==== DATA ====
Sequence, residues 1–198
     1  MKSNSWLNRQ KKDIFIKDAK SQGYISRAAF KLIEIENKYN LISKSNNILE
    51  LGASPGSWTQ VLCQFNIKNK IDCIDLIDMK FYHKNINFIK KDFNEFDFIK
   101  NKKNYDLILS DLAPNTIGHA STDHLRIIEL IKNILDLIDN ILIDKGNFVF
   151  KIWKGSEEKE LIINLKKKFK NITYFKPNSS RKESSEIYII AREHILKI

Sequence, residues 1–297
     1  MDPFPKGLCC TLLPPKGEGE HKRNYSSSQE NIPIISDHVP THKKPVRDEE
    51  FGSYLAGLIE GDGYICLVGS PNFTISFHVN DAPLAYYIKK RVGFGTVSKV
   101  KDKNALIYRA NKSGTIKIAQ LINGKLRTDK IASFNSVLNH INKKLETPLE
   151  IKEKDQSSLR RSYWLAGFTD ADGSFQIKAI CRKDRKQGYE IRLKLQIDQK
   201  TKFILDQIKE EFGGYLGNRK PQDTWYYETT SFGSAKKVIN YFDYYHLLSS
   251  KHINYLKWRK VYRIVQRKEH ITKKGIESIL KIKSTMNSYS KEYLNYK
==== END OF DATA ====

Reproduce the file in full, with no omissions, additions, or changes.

Sequence, residues 1–198
     1  MKSNSWLNRQ KKDIFIKDAK SQGYISRAAF KLIEIENKYN LISKSNNILE
    51  LGASPGSWTQ VLCQFNIKNK IDCIDLIDMK FYHKNINFIK KDFNEFDFIK
   101  NKKNYDLILS DLAPNTIGHA STDHLRIIEL IKNILDLIDN ILIDKGNFVF
   151  KIWKGSEEKE LIINLKKKFK NITYFKPNSS RKESSEIYII AREHILKI

Sequence, residues 1–297
     1  MDPFPKGLCC TLLPPKGEGE HKRNYSSSQE NIPIISDHVP THKKPVRDEE
    51  FGSYLAGLIE GDGYICLVGS PNFTISFHVN DAPLAYYIKK RVGFGTVSKV
   101  KDKNALIYRA NKSGTIKIAQ LINGKLRTDK IASFNSVLNH INKKLETPLE
   151  IKEKDQSSLR RSYWLAGFTD ADGSFQIKAI CRKDRKQGYE IRLKLQIDQK
   201  TKFILDQIKE EFGGYLGNRK PQDTWYYETT SFGSAKKVIN YFDYYHLLSS
   251  KHINYLKWRK VYRIVQRKEH ITKKGIESIL KIKSTMNSYS KEYLNYK